Your conspiracy theory encompasses everyone from Alan Greenspan, to home builders, to banks, real estate agents, construction workers, Home Depot, appraisers, all of the media, and every investor in the mortgage backed securities. However the buyer is the victim… why not sue the home seller they are part of it too.

  40. 40
    Scotsman says:

    Harley, I tend to agree with you that we should all be responsible for our actions, But the reality is that in our current society some are more prepared for this level or responsibility than others. While you may understand the real estate market and some basic financial principles, not all do. The situation is akin to asking if you should be as responsible as your doctor when it comes to deciding the best treatment protocol for a specif type of cancer. Sure, you can read up on the subject, but it’s unlikely you’ll ever have the same level of understanding as your doctor. In the same way, many without education or specific knowledge have come to rely on the advice of Realtors, bankers, appraisers, etc. for honest, unbiased information about buying their home. Those involved on the selling side took advantage of their position and superior knowledge to profit in unethical ways. If such is the case, why should buyers be held responsible for a bad purchase decision any more than you should be held responsible for a bad cancer treatment plan?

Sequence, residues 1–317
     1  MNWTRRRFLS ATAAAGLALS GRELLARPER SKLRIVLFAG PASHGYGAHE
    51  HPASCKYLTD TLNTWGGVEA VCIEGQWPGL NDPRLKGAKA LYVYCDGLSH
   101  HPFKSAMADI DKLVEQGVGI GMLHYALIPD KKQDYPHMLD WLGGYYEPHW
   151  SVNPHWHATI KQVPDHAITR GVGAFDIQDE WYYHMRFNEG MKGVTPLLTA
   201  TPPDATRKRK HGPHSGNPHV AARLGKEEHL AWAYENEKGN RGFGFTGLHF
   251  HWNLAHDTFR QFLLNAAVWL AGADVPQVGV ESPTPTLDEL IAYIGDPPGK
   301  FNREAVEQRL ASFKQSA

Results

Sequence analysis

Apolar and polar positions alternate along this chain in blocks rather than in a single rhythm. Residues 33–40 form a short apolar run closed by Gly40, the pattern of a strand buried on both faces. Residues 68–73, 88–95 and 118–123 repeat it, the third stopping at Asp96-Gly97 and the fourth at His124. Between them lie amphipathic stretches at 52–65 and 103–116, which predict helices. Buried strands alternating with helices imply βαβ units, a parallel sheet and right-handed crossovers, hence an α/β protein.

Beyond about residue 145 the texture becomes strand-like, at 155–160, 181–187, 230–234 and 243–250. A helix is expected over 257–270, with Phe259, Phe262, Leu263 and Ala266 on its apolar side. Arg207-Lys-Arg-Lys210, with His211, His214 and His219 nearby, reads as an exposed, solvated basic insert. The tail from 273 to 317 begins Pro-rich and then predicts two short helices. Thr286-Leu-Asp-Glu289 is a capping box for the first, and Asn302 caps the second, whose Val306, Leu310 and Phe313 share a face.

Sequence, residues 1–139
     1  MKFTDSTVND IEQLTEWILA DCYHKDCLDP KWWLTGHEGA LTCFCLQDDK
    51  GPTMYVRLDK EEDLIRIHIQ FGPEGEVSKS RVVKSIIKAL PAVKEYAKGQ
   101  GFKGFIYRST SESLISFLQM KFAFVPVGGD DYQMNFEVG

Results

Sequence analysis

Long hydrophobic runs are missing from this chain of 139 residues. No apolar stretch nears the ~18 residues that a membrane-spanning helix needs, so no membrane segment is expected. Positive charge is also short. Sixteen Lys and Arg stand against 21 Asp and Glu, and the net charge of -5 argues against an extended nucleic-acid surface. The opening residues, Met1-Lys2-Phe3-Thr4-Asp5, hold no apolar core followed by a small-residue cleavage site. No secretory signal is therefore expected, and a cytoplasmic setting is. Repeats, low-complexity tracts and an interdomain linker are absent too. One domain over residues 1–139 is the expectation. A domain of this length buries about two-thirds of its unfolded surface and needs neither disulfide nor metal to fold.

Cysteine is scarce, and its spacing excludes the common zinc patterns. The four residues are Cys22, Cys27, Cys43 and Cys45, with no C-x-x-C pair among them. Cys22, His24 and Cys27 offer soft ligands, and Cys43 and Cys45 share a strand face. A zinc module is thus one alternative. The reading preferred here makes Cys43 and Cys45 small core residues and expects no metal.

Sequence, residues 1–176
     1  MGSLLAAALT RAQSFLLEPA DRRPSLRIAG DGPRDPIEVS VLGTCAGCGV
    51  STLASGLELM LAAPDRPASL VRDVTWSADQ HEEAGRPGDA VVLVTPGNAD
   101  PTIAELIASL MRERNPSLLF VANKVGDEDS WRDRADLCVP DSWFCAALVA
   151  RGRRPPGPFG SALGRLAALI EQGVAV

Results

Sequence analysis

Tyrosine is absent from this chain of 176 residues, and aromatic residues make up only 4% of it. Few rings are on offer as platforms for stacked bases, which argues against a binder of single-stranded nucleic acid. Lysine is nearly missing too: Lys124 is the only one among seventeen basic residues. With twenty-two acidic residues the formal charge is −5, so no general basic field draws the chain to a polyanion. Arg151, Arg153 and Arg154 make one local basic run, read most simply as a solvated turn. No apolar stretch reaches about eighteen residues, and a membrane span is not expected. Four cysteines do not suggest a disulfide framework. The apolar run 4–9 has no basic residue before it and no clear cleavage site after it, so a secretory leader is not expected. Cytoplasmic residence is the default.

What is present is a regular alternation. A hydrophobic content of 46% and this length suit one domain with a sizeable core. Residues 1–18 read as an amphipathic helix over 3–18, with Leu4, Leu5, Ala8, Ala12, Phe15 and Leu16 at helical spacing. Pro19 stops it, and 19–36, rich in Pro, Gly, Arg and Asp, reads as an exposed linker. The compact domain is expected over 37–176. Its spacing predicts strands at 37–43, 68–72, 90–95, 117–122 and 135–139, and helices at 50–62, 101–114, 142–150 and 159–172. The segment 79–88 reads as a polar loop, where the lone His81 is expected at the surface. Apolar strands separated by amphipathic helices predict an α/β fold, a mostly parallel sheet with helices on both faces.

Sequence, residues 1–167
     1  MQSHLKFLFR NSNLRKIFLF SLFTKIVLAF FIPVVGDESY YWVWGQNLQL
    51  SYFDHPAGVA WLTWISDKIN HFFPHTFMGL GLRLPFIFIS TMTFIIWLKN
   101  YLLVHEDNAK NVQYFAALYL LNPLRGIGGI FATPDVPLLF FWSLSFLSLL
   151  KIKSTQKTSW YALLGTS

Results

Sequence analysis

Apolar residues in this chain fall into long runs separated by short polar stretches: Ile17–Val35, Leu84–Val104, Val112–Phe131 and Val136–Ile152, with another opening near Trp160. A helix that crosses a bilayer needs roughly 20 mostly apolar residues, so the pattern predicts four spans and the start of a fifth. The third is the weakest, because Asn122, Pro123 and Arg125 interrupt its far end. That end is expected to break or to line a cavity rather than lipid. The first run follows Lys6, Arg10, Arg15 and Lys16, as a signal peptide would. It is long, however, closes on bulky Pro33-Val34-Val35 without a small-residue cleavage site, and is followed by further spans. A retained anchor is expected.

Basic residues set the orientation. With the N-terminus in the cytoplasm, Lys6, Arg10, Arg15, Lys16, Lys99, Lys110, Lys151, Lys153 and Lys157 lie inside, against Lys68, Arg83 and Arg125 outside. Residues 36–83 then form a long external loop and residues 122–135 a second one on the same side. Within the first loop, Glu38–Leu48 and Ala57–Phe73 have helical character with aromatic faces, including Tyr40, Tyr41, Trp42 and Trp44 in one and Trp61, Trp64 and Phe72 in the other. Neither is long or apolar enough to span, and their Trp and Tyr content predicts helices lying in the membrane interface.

41. 41
    Eleua says:

    My point is that if the banks had been doing their homework, we would not be in this situation. They didn’t, so here we are.

    Yes, Skeletor is raiding the US Treasury to keep our rancid banks afloat, but the end game is already certain. The only things that are outstanding are:

    Who gets the bill.
    When they get the bill.